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Steve Gadd Band: 70 Strong

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Nearly every listening experience involves expectations based on scenario, instrumentation and personnel. When the occasion is supreme studio drummer Steve Gadd’s 70th birthday recording-with trumpeter Walt Fowler, guitarist Michael Landau, keyboardist Larry Goldings and bassist Jimmy Johnson-those expectations become understandably high. Perhaps unfairly so, because 70 Strong comes across as surprisingly one-dimensional considering these musicians’ work with artists like Allan Holdsworth, Michael Brecker, Joni Mitchell, Paul Simon, Steely Dan and Frank Zappa.

It doesn’t start out that way. The opening “Foam Home,” co-composed by the entire quintet, features Gadd’s impeccable midtempo funk artistry-a staggered lockstep with Johnson that drives Goldings’ throwback Fender Rhodes and Wurlitzer tones and the evocative solos by Fowler and Landau. The subsequent playful, New Orleans-tinged take on Eddie Harris’ “Freedom Jazz Dance” features an anchoring Johnson bassline that Gadd and his mates dance around. Goldings’ “Written in Stone” then begins a series of compositions by individual band members. The shift to a slower pulse that occurs here, with Goldings on accordion and Landau providing Americana twang à la Bill Frisell, would make for effective sequencing if the remainder of the CD was more diverse.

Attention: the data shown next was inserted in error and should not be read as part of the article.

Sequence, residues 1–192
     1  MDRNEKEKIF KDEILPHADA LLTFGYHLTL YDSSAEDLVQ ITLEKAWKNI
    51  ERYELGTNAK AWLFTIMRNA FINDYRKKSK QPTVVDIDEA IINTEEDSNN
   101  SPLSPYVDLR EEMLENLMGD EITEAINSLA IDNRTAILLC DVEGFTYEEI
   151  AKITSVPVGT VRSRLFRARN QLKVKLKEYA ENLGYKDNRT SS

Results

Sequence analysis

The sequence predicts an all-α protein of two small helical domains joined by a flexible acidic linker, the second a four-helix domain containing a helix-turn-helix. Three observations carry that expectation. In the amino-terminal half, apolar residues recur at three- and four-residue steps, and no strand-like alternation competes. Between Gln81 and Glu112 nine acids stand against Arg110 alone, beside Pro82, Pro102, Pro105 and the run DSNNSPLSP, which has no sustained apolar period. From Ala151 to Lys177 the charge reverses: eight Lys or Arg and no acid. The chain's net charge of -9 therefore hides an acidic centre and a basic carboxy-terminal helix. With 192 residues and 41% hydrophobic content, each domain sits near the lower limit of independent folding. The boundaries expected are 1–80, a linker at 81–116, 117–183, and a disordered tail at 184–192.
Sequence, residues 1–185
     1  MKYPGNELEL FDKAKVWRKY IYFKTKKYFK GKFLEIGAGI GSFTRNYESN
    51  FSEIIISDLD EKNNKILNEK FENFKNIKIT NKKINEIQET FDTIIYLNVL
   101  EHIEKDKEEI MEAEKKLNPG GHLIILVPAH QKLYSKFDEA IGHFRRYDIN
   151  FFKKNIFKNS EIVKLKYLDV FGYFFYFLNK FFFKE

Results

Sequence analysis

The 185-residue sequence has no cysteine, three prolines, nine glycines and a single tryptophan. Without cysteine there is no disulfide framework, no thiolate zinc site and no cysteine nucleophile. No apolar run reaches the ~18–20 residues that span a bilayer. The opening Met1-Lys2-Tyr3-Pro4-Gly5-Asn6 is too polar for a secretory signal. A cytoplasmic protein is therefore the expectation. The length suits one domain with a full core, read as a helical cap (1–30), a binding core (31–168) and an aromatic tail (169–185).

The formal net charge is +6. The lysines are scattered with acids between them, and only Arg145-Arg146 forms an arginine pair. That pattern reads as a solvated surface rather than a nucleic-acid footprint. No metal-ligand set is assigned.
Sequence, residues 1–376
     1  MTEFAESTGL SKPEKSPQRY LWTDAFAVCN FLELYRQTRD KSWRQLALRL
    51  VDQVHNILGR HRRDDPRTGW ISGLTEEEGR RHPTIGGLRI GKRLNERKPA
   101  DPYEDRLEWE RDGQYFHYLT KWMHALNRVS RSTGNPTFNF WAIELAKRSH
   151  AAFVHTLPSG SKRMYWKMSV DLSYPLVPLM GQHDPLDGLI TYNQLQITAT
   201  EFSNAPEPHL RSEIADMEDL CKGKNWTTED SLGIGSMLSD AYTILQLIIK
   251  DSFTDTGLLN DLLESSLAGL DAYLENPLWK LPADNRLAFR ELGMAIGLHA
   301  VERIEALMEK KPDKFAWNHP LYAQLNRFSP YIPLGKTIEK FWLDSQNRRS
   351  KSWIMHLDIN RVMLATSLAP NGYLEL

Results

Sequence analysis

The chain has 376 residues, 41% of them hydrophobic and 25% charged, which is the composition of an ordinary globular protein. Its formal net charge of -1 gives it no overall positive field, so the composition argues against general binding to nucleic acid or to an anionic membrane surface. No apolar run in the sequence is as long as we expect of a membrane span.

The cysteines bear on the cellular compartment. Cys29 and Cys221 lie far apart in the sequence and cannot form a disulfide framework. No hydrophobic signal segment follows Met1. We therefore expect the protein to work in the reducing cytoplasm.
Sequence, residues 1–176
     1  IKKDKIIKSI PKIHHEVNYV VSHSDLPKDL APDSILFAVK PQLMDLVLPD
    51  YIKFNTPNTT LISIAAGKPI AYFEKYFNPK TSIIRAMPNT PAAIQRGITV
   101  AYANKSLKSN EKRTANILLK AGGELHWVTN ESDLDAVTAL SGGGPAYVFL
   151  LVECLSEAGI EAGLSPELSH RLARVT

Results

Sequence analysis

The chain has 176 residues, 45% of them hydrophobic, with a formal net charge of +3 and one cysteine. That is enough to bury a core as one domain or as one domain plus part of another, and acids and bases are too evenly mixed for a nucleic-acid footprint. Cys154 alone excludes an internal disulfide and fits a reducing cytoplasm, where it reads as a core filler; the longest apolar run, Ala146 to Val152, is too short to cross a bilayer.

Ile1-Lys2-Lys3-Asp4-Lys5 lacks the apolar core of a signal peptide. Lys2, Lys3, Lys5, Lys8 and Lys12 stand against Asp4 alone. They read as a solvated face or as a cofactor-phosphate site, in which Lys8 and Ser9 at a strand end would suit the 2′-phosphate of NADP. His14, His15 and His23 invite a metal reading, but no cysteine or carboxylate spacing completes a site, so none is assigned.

Goldings’ “Sly Boots,” during which Gadd plays a shell game with tempo, and Fowler’s ballad dedication “Duke’s Anthem,” to his former Zappa bandmate George Duke, are the infrequent exceptions. If only this unit had fleshed out ideas together more, like on “Foam Home.” Chico Buarque’s “De Volta Ao Samba” and Jan Hammer and Fernando Lamas Saunders’ “Oh, Yeah?” lend a modicum of rhythmic spice near disc’s end, but Landau’s closing “Blues For…” sounds, like its title, unfinished. Not being a songwriter Gadd can only work with the tools given to him, and this birthday party deserves stronger material.

Originally Published